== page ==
Authors and readers – we have a symbiotic relationship, don’t we? We’re not much one without the other. And as a relatively new author, I definitely appreciate every reader who has picked up Life in Spades.
Since releasing Life in Spades, I’ve been fortunate to have a number of bookclubs read about Gina, Cookie, Laura, and Sherry and invite us all to their meetings. We’ve enjoyed great discussions about sisterhood, friendship, and romance over mimosas, sangria and wine, and of course, cupcakes. It’s really been a pleasure hearing from readers what they thought of these ladies and their lives – and what they thought they should have done. Thank you to all my readers for inviting Spades into your life.
Last weekend, I participated in a book weekend that celebrated the relationship between the writer and the reader, especially those readers in book clubs. The Black Authors & Readers Rock Weekend, held in Bowie, MD by the Reading Divas, is a unique event which I think may be as enjoyed by the exhibiting authors, as the reader guests. The weekend included a bookclub discussion of “Open Door Marriage”, by Naleighna Kai, a number of panel discussions with authors and publishers, and a keynote speaker, along with the opportunity to shop for books from the authors and Mahogany Books, sip drinks at the bar, and enjoy lunch. The book club attendees came dressed in their matching t-shirts and outfits, lead by the Reading Divas who donned cute pink cheetah print scarves and their “Divas” bling-y pins.
I sat on the Movers & Shakers panel with a well-published group of authors, moderated by J’Son Lee author and publisher of Sweet Georgia Press. At the table with me were: Shelly Ellis, Electa Rome Parks, KL Grady, Earl Sewell, and Nanette Buchanan. As each author read from or spoke about their novels – covering everything from romance, espionage, mystery, and of course, the girlfriend novel – it was quite evident that there is a wide berth of African-American books out on the market, and that, in fact, there is a market for diverse books, despite what some may say.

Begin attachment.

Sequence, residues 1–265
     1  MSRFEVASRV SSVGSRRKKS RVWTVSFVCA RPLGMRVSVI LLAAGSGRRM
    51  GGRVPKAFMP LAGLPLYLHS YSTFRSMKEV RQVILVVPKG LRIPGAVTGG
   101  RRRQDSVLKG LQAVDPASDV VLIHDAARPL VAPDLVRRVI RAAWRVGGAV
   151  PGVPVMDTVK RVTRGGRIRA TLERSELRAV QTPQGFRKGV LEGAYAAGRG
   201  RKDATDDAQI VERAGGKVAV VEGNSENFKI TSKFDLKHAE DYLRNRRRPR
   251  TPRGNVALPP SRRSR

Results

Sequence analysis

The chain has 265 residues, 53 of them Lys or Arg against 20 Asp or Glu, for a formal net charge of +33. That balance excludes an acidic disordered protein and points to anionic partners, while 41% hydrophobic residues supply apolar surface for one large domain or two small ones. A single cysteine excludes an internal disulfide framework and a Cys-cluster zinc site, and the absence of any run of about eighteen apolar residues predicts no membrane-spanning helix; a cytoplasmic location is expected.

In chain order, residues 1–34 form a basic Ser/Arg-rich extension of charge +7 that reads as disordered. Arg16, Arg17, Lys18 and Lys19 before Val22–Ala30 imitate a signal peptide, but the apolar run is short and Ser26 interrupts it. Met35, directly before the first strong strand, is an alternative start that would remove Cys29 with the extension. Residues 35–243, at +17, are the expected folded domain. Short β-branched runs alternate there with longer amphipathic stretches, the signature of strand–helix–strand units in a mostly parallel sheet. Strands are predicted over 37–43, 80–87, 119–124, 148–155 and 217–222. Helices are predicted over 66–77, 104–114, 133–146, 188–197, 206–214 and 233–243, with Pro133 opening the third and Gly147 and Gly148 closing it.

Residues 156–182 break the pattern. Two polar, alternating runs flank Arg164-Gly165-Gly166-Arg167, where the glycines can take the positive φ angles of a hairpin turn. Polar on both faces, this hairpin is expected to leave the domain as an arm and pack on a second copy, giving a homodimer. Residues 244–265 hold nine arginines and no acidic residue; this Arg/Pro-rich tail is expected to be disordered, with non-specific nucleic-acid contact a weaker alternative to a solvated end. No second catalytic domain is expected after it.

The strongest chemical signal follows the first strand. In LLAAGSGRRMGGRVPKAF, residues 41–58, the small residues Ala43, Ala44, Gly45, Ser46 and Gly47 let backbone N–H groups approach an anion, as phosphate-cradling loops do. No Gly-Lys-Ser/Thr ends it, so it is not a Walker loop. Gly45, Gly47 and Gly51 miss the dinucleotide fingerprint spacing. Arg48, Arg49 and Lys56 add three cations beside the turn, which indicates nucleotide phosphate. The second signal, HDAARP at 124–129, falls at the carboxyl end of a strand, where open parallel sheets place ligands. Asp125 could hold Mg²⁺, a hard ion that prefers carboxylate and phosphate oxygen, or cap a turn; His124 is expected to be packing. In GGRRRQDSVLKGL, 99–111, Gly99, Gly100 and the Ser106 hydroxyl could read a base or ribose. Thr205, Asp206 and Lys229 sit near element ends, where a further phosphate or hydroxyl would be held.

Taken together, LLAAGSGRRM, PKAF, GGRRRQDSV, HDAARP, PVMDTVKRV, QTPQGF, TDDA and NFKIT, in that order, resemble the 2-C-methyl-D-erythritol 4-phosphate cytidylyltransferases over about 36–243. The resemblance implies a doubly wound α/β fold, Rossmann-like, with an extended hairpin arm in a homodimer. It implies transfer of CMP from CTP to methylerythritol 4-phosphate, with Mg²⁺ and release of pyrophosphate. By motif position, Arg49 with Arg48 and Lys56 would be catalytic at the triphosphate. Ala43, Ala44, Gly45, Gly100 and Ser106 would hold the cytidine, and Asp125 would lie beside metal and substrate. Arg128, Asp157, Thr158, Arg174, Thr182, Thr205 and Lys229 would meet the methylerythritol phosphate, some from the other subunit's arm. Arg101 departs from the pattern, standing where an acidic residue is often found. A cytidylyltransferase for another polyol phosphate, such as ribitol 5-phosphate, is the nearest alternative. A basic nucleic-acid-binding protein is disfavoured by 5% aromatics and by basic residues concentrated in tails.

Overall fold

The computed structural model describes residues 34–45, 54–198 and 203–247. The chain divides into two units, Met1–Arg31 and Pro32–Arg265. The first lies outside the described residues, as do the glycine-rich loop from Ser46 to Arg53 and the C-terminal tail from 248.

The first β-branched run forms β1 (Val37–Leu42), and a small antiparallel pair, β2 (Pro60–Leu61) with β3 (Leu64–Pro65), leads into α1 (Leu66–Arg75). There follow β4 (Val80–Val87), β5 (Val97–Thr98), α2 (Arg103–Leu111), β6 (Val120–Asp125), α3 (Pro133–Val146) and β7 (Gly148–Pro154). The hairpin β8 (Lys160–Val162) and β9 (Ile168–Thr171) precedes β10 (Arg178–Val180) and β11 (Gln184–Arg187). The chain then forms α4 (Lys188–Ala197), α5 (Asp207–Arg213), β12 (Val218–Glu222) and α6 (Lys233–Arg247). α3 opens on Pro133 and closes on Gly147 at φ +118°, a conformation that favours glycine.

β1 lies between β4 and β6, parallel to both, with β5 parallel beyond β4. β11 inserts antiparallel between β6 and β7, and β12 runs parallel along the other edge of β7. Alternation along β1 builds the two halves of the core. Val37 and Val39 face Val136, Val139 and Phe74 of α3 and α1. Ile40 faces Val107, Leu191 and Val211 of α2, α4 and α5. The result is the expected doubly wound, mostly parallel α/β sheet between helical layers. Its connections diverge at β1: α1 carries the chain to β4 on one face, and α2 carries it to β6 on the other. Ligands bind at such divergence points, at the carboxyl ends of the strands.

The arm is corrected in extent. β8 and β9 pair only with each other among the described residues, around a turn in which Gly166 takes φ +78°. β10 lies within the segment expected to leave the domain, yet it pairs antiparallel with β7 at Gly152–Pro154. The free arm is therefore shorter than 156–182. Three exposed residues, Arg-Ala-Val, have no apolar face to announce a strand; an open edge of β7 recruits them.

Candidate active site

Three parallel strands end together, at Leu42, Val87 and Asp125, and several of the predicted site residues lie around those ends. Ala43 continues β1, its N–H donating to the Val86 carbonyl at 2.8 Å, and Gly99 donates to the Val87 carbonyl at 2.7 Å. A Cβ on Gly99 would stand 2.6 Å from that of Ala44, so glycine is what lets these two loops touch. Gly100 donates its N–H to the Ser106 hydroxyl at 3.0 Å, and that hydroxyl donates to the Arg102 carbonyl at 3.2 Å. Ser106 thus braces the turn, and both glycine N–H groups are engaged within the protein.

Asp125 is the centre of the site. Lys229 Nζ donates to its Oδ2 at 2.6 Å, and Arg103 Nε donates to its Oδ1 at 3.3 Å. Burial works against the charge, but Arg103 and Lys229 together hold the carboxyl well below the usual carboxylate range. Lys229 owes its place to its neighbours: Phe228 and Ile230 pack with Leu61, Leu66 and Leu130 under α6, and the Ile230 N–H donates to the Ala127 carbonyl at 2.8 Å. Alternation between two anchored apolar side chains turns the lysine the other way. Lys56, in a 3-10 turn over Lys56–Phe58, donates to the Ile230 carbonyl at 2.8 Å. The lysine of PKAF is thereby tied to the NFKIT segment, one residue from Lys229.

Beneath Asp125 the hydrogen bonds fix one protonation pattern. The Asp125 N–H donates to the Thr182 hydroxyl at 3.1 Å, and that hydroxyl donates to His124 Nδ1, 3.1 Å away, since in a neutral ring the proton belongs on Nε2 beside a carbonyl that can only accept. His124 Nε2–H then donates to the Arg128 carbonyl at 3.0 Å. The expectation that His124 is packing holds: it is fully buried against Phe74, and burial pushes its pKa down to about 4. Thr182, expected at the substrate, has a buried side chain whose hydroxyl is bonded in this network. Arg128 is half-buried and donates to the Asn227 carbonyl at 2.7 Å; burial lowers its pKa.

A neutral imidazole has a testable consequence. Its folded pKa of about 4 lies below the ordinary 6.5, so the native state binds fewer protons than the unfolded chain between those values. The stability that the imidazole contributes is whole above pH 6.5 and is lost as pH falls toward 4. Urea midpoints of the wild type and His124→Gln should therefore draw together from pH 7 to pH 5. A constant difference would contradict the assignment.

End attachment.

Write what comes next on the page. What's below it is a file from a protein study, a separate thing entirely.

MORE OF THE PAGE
The second panel, Literary Trailblazers, was moderated by WHUR’s Harold T. Fisher. In this round, we heard from Rochelle Alers, Nina Foxx, Donna Hill, Kimberla Lawson Roby and Pat G’orge Walker. The authors talked about some of their own truths and “what no-one knows about me,” creating a new genre as Pat did with Christian comedy, the difference between romance and eroticism, and why the movie is never as good as the book (short answer: because the author rarely writes the movie script.) Kimberla, asked if she ever thought of quitting, said that she does with every book, doubtful that it will be as good as the last. This may seem odd, but that statement made me feel better about my own choice in pursuing this career of writing, knowing that that little wiggle of self-doubt is not uniquely my own.
Kimberla Lawson Roby was also the lunch Keynote speaker for Saturday. Starting out in June 1996, she put together her debut novel after-hours while working her regular government job. Once faced with selling her first shipment of 3000 copies of Behind Closed Doors, her husband encouraged her to make the big leap of faith from part-time self-published writer to full-time, then traditionally published, writer. She said she was nervous turning in her two-weeks notice and asked her husband what would they do if this writing career didn’t work? His message to her was one that’s crucial for anyone ready to step out on a dream – then you do something else, what have you go to lose? Her upcoming novel, A Christmas Prayer, will be her 21st book.
As a new writer, stepping out onto this journey, it was exciting and inspiring to be included with this group of accomplished writers, as well as interact with bookclub readers. This weekend really proved that Black Writers and Readers Rock!
More on how readers can be influencers in my next post.